CAS hosts dialogue on Neville Alexander

4 Sep 2015 - 14:30

The third Neville Alexander seminar took place on Thursday, 27 August. The event, titled: ‘We need a new language: a dialogue with Neville Alexander on the language question’, formed part of a 3-day focus on the life and scholarly contribution of the late Dr. Alexander. 

The annual Neville Alexander seminars are hosted by the Centre for African Studies (CAS) in association with Linguistics and were established at the University of Cape Town in 2013 to commemorate his death on 27 August.  The aim of the discussion series is to engage critically and constructively with different aspects of Dr. Alexander’s work. 

According to event organizer and CAS research fellow Nkululeko Mabandla, the first seminar was on multilingualism and the role of isiXhosa in higher education. “In 2014, we took stock of work on intellectualization and language planning” says Mabandla. “This third Neville Alexander Seminar brought together scholars and activists working on and with language. The theme took its cue from recent discussions around language at UCT, particularly the call for a ‘new language’ which will allow us to imagine and articulate a new, de-colonial world; a language which challenges, as Rhodes Must Fall has noted, ‘the pacifying logic of liberalism’ explains Mabandla.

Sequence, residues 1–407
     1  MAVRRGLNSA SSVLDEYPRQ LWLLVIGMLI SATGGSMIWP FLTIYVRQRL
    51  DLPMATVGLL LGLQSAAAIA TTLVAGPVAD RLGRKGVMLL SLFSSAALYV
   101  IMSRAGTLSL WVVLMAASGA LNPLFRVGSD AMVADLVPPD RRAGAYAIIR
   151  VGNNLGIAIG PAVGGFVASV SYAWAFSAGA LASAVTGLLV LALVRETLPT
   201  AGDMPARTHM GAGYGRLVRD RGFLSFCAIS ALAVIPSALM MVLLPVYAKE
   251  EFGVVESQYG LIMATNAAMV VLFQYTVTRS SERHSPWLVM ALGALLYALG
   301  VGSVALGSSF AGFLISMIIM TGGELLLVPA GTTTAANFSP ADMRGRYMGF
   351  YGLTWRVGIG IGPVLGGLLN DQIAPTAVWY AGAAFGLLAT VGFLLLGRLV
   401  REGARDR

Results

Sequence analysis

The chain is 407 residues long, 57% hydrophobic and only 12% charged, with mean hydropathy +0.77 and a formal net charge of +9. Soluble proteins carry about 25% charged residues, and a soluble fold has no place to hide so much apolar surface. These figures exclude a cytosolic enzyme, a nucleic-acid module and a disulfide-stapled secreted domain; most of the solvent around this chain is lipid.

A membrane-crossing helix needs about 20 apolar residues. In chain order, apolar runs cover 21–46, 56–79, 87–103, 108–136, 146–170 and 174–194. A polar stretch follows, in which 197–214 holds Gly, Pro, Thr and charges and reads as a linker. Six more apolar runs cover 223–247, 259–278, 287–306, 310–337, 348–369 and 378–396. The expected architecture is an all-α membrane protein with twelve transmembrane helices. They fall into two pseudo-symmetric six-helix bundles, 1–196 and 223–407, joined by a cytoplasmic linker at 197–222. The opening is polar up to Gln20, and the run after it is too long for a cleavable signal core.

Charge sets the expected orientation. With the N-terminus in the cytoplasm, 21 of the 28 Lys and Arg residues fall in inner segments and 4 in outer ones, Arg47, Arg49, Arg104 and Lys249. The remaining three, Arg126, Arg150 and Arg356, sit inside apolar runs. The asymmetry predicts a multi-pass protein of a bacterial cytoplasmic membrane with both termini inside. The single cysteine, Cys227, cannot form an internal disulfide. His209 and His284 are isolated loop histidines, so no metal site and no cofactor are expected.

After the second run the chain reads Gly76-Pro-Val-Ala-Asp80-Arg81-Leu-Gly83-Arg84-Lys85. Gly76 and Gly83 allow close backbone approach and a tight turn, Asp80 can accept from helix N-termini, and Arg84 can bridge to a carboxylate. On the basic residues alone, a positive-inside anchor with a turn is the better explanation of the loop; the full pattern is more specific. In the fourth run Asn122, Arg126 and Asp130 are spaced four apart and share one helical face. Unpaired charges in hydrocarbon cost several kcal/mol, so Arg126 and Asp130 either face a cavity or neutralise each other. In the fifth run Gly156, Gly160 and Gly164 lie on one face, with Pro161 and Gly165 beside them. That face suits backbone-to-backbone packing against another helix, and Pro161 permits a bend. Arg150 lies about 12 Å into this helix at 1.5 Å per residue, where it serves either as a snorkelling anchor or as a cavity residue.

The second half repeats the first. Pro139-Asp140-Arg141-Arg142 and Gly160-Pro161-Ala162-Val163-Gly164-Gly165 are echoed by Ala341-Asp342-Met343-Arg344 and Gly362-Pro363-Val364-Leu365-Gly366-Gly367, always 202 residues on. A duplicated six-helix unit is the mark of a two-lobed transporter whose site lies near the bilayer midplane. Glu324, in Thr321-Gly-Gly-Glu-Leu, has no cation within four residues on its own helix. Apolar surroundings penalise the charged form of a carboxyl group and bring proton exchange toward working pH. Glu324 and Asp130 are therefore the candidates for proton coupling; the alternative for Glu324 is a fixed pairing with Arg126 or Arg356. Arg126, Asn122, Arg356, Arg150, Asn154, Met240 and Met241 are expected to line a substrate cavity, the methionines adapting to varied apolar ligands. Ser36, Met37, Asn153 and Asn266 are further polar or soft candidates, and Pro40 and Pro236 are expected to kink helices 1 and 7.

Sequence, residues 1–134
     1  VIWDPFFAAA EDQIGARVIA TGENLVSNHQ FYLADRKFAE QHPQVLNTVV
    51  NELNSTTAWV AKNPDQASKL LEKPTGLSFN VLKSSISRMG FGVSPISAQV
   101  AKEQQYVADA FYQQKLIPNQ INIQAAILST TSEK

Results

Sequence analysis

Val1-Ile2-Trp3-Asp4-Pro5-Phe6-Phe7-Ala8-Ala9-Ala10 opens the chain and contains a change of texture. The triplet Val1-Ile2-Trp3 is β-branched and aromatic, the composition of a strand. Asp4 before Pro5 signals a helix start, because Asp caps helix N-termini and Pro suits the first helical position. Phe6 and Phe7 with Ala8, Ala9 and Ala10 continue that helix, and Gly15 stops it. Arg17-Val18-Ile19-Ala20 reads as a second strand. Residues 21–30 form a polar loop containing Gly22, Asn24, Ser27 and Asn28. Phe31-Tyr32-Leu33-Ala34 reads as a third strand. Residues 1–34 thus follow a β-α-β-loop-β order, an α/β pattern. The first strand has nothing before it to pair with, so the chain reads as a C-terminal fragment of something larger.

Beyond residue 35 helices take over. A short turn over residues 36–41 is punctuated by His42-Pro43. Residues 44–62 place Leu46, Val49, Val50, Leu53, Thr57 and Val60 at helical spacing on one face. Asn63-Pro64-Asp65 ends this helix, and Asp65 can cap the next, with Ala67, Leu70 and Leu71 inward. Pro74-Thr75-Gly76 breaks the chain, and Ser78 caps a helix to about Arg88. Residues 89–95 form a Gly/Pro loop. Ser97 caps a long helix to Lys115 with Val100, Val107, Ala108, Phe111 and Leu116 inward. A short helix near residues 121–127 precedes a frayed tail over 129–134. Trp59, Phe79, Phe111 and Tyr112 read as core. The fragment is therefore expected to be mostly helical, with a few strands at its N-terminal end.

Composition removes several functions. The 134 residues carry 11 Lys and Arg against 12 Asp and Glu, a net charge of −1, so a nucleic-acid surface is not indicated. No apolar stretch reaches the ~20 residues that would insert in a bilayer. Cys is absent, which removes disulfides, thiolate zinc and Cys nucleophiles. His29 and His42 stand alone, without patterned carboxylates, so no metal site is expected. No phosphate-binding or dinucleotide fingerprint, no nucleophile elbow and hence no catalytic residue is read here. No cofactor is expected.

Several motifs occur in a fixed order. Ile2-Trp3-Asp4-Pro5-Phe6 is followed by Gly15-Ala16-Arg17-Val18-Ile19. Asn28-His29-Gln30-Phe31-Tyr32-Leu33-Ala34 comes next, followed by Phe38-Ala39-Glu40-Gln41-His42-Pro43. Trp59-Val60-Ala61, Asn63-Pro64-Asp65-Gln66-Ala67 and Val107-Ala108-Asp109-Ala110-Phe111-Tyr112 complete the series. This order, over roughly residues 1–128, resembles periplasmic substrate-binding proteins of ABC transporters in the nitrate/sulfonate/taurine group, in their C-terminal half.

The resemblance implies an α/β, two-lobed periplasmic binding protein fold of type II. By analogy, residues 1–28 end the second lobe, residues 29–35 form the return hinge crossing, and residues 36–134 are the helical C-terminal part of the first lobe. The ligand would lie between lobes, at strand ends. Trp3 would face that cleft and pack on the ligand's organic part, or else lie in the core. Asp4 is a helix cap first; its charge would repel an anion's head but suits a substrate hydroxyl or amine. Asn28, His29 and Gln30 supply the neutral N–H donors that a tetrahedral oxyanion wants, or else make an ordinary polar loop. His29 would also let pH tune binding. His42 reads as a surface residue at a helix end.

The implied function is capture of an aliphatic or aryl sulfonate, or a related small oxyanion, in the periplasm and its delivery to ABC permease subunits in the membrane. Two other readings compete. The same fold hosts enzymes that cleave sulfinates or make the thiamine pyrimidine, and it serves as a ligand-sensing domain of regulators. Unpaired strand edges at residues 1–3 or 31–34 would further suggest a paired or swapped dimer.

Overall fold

Both Mabandla and Associate Professor Ana Deumert (Linguistics section) made the point that in order to craft the new language, it is important to look at creativity: creativity in, through and with language. 

Panelists included Hip-hop artist and community activist BlaqPearl; Xolisa Guzula (long-term colleague of Neville Alexander and language activist), Associate Professors Adam Haupt (Centre of Film and Media Studies), and Wandile Kasibe (PhD candidate in Sociology and member of the Rhodes Must Fall movement). The panel was moderatored by Professor Deumert.

The debate which at times moved beyond English into Afrikaans and isiXhosa, raised a wide range of issues including: language and identity, language and power, language and trauma, language and decolonization, the role of multilingualism at UCT, the question of how English can be tweaked and twisted to be not just ‘the white man’s language’ (as Wandile Kasibe said), but also a medium through which new futures can be articulated.